In order for a discrimination defendant to be subject to suit in District Court, he must first be given notice of the charges filed against him with the EEOC and/or the appropriate state agency and be afforded the opportunity to conciliate charges. Sanchez v. Standard Brands, Inc., 431 F.2d 455, 466 (5th Cir.1970); McClelland v. Herlitz, Inc., 704 F. Supp. 749, 752 (N.D.Tex.1989). A right-to-sue letter is no longer considered a jurisdictional prerequisite to bringing a Title VII claim, however, receipt of a right-to-sue letter is a statutory prerequisite, that is, a condition precedent to bringing a discrimination suit. Sherman v. Standard Rate Data Service, Inc. 709 F. Supp. 1433, 1436 (N.D.Ill.1989); Hladki v. Jeffrey's Consol., Ltd., 652 F. Supp. 388, 392 (E.D.N.Y.1987). The court in Hladki dismissed the discrimination suit without prejudice for failure to comply with the Title VII requirements. Petitioner in this action has filed a complaint before the Missouri Commission on Human Rights on October 18, 1991. (See attachment to defendant's motion to dismiss). The complaint is presently under investigation. (See letter attached to defendant's Motion to Add Exhibit filed on February 24, 1992). Accordingly, the discrimination suit in this case should be dismissed without prejudice to allow the plaintiff the opportunity to comply with the requirements of Title VII which are also applicable to a suit under Title I of the Americans with Disabilities Act. 42 U.S.C. §§ 12101, et seq. and 12117(a). Dismissal without prejudice would leave access to this court available in the event that petitioner's claim before the Missouri Commission on Human Rights is unsuccessful as long as petitioner complies with the required time limits for bringing suit if his claim before the Commission on Human Rights is denied.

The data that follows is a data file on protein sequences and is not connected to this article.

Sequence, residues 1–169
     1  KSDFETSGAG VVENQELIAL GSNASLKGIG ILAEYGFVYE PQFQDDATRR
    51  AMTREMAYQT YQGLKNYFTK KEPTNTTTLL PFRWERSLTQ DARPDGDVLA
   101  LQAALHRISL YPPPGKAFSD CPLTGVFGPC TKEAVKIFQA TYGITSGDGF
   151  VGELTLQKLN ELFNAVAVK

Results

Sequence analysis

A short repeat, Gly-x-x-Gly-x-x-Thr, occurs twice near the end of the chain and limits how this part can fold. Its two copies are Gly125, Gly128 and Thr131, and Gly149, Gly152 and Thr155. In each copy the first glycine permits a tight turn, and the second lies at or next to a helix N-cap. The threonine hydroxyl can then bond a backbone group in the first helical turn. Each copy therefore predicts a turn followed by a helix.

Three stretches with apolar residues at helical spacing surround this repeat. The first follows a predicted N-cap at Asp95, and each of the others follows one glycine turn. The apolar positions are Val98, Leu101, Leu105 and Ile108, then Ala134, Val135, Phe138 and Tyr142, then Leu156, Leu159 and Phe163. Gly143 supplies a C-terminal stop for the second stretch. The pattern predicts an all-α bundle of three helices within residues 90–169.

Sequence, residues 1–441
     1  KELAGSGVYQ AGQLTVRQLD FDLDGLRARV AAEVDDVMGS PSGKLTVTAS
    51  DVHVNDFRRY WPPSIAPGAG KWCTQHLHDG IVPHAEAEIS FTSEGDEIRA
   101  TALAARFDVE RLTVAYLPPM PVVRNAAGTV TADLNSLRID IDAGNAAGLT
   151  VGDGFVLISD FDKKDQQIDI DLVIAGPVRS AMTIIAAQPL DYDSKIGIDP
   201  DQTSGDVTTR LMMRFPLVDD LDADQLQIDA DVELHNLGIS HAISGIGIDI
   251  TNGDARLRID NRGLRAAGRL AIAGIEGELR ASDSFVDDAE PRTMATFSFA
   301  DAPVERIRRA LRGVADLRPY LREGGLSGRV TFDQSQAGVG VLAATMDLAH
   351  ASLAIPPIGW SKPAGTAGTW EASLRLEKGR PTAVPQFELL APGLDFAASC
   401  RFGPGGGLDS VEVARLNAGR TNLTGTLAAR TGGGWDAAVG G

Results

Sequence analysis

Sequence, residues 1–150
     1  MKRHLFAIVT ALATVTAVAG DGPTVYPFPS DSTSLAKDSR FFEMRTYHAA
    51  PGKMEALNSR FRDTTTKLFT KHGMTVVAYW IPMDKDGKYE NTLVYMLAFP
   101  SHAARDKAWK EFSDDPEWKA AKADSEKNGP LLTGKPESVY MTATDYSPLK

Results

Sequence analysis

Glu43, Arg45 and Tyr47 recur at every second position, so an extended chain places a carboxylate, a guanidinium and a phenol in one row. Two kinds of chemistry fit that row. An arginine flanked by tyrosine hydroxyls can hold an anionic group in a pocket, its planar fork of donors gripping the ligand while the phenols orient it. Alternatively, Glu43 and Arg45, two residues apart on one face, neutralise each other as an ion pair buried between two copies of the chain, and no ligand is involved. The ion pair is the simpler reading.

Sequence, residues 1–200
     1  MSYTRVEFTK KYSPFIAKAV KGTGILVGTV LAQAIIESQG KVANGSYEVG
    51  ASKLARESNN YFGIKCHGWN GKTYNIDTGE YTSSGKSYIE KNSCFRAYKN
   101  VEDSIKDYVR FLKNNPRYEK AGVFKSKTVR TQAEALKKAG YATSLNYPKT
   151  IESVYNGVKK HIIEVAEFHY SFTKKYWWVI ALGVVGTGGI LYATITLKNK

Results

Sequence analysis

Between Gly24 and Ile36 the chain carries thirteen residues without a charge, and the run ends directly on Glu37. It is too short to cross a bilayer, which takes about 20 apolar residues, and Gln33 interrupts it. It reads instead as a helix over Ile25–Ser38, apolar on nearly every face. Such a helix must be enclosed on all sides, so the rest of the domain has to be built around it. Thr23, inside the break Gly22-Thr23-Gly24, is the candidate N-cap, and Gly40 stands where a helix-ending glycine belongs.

IT IS HEREBY RECOMMENDED that the claim of Lee Roy Kent for religious discrimination brought pursuant to Title I of the Americans with Disabilities Act, 42 U.S.C. § 12101, et seq., not be dismissed as frivolous in accordance with 28 U.S.C. § 1915(d) as it states an arguable basis in either law or fact.
IT IS FURTHER RECOMMENDED that the suit be dismissed without prejudice for failure to obtain the requisite right-to-sue letter in compliance with Title I of the Americans with Disabilities Act.
*63 IT IS FURTHER RECOMMENDED that the plaintiff's Motion for a Trial Date be denied as moot.
The parties are advised that they have eleven (11) days in which to file written objections to this Report and Recommendation pursuant to 28 U.S.C. § 636(b) (1), unless an extension of time for good cause is obtained, and that failure to file timely objections may result in a waiver of the right to appeal questions of fact. See Thompson v. Nix, 897 F.2d 356 (8th Cir. 1990).